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Kids in Ghana program going strong after 12 years

·13 min read

The sponsorship project, 4 Kids in Ghana, started 12 years ago and thanks to the local support from the Moosomin community, the program is still going strong.

Moosomin’s Diana Austin, got involved with work in Ghana after she completed high school and from there a bond was formed. When the children’s home she was volunteering at was forced to lower the number of children, she felt the need to help those who had nowhere to go and started her own charitable group..

“Way back when I started the program in 2009, I had no idea what I was really getting myself into. While part of me knew that I was committing myself long-term to the group, I don’t know if I could have predicted when or how the program would evolve. I just knew that if I didn’t do something the future for the four of them was very bleak,” Austin says.

“Although I can say that running the program has been challenging at times, it is still nothing compared to the challenges of trying to survive (let alone thrive) in Ghana. I often think of how it is simply the lottery of birth that I grew up in Canada. Reminding myself of the opportunities that I have, merely because of the circumstance of where I come from, keeps me dedicated to the work.”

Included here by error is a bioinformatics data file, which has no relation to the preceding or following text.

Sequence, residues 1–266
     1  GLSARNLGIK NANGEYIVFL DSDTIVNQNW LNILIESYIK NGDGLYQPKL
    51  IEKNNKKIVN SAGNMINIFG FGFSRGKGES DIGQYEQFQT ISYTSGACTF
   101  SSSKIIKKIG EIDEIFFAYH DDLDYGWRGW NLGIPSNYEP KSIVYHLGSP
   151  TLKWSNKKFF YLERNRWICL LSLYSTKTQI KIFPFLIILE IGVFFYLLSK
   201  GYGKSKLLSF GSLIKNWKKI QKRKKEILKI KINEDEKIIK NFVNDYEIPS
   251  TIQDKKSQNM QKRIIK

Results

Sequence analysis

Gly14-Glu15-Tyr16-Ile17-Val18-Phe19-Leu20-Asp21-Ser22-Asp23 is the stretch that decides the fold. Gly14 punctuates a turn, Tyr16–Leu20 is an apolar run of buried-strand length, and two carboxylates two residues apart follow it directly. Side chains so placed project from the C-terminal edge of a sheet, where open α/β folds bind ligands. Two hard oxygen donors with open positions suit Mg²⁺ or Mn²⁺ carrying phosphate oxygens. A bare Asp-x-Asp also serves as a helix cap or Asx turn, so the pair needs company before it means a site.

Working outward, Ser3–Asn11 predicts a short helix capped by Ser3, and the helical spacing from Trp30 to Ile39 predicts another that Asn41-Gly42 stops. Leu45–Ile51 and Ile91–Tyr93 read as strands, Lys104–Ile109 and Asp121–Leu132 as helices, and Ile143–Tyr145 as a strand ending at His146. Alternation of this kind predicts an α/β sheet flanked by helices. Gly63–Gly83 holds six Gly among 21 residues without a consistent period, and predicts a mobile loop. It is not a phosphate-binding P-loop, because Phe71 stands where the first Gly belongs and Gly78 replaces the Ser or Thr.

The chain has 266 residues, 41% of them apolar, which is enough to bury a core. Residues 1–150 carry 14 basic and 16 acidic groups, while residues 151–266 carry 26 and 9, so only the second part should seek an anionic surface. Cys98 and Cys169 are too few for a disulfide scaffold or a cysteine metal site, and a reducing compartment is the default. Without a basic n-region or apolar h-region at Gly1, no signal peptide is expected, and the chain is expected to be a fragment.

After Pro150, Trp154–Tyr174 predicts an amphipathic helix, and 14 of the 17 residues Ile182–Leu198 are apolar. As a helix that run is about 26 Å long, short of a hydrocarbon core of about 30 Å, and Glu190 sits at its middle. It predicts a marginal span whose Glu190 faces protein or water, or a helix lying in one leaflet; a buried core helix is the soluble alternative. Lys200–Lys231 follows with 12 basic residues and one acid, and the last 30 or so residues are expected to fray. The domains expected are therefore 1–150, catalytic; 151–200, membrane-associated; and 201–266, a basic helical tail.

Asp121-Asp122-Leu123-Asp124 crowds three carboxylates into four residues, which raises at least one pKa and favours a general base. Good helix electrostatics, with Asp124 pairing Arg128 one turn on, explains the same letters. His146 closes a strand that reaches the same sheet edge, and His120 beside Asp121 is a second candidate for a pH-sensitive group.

The four children who have grown up to be adults, who have been apart of the sponsorship program are Antwi, Emmanuel, Agyenim, Victoria and Victoria’s son.

“The lessons I have learned over the years are endless. It has taught me the importance of relationships. The five involved have needed not only financial aid but emotional support. The sense of belonging they have received from being part of the program is invaluable and as Thomas Antwi said, it is something that will outlive the financial sponsorship. It is also these relationships that have held the program together. It is easier to walk away from a committee or an institution than it is to walk away from five people. Focusing on individuals, rather than collectives, has pros and cons. With respect to the Kids in Ghana, the longevity of the program is undoubtedly tied to the fact that we were focusing on individuals, individuals who would be lost without the program.”

“A hard lesson of running the program is just knowing the realities of the shortcomings with it. I struggle knowing how hard the 12 years have still been for the group.”

“There is so much more that I wish I could have offered them; they deserved to have real parents, caring for them over the years. Not simply a removed figurehead, supporting them financially while they have had to survive on their own, navigating a world as adults when they were still youth. As well the challenge of running the program while I have other responsibilities and demands here in Canada rarely brings out the best in me,” Austin says.

Throughout the years of the sponsorship program, donations have covered the costs of education, healthcare and living expenses for the five individuals. Austin says the end goal of the program is help the four of them reach a lifestyle where they are able to independently support themselves.

She provides a Christmas letter annually, informing supporters that have donated over the years how the four of them are doing now.

The Christmas Card Campaign started 11 years ago and has been the most consistent fundraiser for the Kids in Ghana. The campaign is all about spreading holiday cheer by donating to the Kids in Ghana in honour of family, friends, or co-workers and they will then be sent a Christmas card to let them know of the donation.